Yes, such opinions existed, only not among its, not in the ranks of the Communist Party of Yugoslavia.

The policy adhered to by the leadership of the Communist Party of Yugoslavia and the National Liberation Movement was based on awareness of the inseparable interconnection between the national and the social, on the knowledge that the people's struggle against the fascist invaders and their hirelings would be the more persevering and broader insofar as the National Liberation Struggle was more closely linked with the struggle for the emancipation of the Yugoslav working people, for the liquidation of the bourgeois "homeland" and for the creation of a new, people's-socialist homeland of the Yugoslav working people. This idea is clearly expressed in Comrade Tito's well known article "The National Question in Yugoslavia in the Light of the National Liberation Struggle", written in 1942.2 It is given also in his article "What Are the Special Features of the Liberation Struggle and of the Revolutionary Transformation of the New Yugoslavia", where he writes:

"If we had called upon the people only to fight the invader, while not letting them understand at the same time that the struggle would also bring something new, something much finer, that there was to be no return to the past — it would not have been possible to arouse all the peoples to that struggle, and to awaken the interest of such broad masses in it, nor indeed would it have been possible to hold out the end, to victory."3

The policy of the Communist Party of Yugoslavia in the National Liberation War was based on a correct Marxist-Leninist appraisal of the relationship of class forces in Yugoslavia, on the feelings of the working masses which bore the brunt of the Liberation Struggle, on a thorough knowledge of the political and moral features of the Yugoslav bourgeoisie, of its propensity to treason. The platform of the Communist Party of Yugoslavia in the National Liberation Struggle from 1941 to 1945 was a platform of revolutionary democratic patriotism and internationalism: it was unacceptable to the bourgeoisie, because it was acceptable to the masses of the people, it was acceptable to the masses because it was unacceptable to the bourgeoisie. That was the class logic of events in Yugoslavia. To have adopted the platform of the bourgeoisie and its representative, Drazha Mikhailovich, would have meant to alienate the masses, and that would not only have weakened the National Liberation Struggle but even liquidated it, reducing to a minimum or to naught the aid which the Yugoslav peoples were rendering their Soviet brothers in their life and death struggle with Hitlerite Germany.

If the National Liberation War in Yugoslavia is to be understood it must be regarded as people's revolution which was consciously organized and led by the Communist Party of Yugoslavia, armed with the powerful teachings of Marxism-Leninism. To understand the revolution in Yugoslavia which, under the conscious leadership of the Communists, bore the fruits of a socialist revolution means to grasp the fact that the Yugoslav working masses, too,are capable of independent revolutionary action, that they, too, engendered a conscious Marxist-Leninist vanguard which, having steeled itself and gained the confidence of the masses during twenty years of struggle against the Yugoslav bourgeoisie — correctly appraised the objective foreign political and internal factors for victory of the people in Yugoslavia in the conditions of the Second World War, and dauntlessly led them into the liberation war, into revolution.

No one in Yugoslavia ever thought of disparaging, much lass denying the struggle of the Soviet Union against Hitlerite Germany as being the most important and decisive objective factor in the victory of the Yugoslav peoples in the Liberation War. This is an irrefutable fact. But, likewise, no denial can be made of the people' revolution in Yugoslavia, the fact cannot be denied that the greater part of Yugoslav territory was liberated exclusively by the fighters of the Yugoslav armed forces with the technical aid of the Soviet and other allies of that time; the Liberation War in Yugoslavia cannot be presented as having been something more or less accidental, as a number of unorganized partizan skirmishes nor can the Yugoslav peoples be presented exclusively as an object of liberation by the Soviet Army. The merits of the Communist Party of Yugoslavia in the war cannot be placed on an equal footing with the merits of the communist parties in countries where there was no resistance movement against the Germans and their domestic hirelings, or almost none, where the parties were disrupted (as in Hungary and Rumania) and founded only after the liberation. The Yugoslav Communists and the Yugoslav peoples sincerely rejoice at every success which the communists and peoples of the countries of people's democracy are achieving in respect of revolutionary transformation and social-economic, political and cultural advancement. They have proved their readiness to extend them every support and to forget everything that once used to divide them from these peoples in the past, but they do not see, nor can they, nor indeed should they see any practical purpose in the distortion of historical facts.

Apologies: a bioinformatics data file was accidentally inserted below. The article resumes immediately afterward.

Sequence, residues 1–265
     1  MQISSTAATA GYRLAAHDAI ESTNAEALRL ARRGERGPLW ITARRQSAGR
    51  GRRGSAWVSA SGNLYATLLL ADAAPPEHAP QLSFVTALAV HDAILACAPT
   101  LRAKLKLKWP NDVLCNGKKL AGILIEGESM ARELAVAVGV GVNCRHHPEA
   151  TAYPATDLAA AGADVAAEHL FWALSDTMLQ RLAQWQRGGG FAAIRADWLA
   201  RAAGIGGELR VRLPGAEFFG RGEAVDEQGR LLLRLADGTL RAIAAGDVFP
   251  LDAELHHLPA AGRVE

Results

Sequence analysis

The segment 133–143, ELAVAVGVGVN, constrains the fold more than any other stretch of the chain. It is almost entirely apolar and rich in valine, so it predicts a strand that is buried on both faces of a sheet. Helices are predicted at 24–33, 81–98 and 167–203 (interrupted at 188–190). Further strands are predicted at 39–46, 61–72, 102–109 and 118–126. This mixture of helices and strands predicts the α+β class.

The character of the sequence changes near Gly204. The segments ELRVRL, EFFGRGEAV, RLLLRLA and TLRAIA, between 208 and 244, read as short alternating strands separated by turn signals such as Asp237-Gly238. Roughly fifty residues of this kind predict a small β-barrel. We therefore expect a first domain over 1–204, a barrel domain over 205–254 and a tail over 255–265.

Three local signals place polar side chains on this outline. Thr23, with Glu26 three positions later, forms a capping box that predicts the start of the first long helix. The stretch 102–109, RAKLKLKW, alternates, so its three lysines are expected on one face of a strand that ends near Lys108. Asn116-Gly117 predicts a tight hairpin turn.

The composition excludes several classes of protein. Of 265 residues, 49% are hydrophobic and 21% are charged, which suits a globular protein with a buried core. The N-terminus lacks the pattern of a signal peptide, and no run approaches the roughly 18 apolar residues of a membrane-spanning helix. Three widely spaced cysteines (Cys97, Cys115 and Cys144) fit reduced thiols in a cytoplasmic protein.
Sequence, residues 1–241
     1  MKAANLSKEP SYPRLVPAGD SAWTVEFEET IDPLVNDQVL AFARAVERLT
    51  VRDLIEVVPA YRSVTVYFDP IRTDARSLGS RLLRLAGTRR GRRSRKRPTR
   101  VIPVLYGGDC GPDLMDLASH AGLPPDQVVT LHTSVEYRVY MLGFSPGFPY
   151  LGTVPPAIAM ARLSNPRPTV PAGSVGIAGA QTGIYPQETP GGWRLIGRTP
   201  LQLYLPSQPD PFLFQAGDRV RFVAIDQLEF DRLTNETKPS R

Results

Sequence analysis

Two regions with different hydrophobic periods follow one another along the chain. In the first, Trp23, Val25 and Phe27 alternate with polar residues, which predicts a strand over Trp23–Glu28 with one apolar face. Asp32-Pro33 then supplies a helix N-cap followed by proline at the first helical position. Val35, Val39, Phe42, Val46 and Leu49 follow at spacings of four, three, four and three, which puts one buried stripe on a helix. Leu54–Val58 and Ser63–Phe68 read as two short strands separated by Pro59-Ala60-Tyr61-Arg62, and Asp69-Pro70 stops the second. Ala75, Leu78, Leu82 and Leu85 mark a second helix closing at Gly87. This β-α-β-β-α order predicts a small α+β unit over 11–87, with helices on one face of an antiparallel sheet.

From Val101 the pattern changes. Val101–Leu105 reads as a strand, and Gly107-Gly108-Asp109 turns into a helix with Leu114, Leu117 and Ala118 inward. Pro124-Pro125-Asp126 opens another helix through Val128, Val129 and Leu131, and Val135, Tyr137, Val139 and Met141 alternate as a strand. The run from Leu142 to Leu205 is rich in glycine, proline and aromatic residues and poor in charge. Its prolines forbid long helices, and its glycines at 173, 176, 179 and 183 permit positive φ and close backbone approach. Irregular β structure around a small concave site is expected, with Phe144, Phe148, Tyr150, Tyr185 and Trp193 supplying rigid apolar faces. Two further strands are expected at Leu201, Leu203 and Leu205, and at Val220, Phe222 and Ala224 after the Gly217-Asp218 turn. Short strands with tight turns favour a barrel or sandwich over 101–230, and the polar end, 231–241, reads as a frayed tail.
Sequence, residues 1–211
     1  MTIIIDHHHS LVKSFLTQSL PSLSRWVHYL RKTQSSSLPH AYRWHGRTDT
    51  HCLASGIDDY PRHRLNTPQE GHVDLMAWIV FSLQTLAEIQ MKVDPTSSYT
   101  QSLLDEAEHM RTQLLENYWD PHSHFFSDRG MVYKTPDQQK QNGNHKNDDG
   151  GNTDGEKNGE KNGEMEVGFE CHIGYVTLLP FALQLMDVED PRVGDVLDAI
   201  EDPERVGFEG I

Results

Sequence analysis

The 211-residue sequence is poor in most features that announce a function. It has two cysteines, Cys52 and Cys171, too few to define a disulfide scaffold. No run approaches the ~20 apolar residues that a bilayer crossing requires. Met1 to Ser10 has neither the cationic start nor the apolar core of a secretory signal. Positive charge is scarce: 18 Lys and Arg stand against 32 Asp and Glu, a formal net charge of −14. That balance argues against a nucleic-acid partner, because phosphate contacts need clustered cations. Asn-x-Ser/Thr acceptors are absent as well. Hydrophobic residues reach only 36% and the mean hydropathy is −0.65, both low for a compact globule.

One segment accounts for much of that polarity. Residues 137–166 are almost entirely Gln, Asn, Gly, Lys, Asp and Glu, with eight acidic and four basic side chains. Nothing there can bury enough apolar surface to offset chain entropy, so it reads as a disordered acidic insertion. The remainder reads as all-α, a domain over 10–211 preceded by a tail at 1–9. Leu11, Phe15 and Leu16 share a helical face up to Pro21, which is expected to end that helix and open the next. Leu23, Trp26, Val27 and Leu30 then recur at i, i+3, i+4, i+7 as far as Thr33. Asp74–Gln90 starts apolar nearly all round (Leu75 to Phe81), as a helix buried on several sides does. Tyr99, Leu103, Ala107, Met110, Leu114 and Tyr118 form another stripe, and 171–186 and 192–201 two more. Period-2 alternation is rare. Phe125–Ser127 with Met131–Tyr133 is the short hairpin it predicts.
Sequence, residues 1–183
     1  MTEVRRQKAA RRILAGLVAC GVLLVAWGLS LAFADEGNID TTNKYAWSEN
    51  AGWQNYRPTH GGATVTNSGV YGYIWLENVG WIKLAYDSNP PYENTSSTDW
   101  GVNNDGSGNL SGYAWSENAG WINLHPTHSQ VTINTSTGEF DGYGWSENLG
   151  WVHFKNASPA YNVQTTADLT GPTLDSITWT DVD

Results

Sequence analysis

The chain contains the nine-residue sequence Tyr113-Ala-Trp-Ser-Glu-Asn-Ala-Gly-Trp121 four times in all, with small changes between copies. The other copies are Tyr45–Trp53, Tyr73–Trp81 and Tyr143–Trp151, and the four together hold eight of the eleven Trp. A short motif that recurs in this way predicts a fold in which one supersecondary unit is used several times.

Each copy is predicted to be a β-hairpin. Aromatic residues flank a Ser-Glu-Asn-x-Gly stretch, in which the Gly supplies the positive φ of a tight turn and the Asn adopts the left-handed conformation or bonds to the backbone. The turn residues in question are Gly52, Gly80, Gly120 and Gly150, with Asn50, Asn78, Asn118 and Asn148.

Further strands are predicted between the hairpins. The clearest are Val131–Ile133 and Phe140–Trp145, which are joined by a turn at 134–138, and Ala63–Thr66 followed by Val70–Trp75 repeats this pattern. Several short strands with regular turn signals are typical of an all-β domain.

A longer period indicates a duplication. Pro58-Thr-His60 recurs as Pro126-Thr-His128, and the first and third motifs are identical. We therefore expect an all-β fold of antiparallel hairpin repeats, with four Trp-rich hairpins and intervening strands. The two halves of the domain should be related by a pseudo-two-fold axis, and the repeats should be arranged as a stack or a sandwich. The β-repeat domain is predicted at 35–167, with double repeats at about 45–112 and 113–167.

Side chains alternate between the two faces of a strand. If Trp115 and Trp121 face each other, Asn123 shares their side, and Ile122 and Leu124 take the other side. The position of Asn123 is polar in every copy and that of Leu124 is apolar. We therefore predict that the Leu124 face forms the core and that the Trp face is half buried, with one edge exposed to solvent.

The tendency to depict the National Liberation Struggle in Yugoslavia as an exclusively national liberation struggle, and the results of the consistently internationalist policy of the Communist Party of Yugoslavia exclusively as the, expression of deeply-rooted pro-Russian sentiments of the Yugoslav peoples, has for years been expressed in a series of articles and dissertations written by Soviet publicists and journalists. While reading these lines one often gets the impression that Yugoslavia is not country in which there are peoples with significant state and revolutionary traditions and republic with a high national culture and no less high a civilization of the Central European and Mediterranean type, but a somewhat exotic "Balkan" country in which there are, it is true freedom-loving, but backward highlanders who lack elementary civilisation and who, of course are incapable of conscious organised revolutionary struggle and creative work in socialist construction.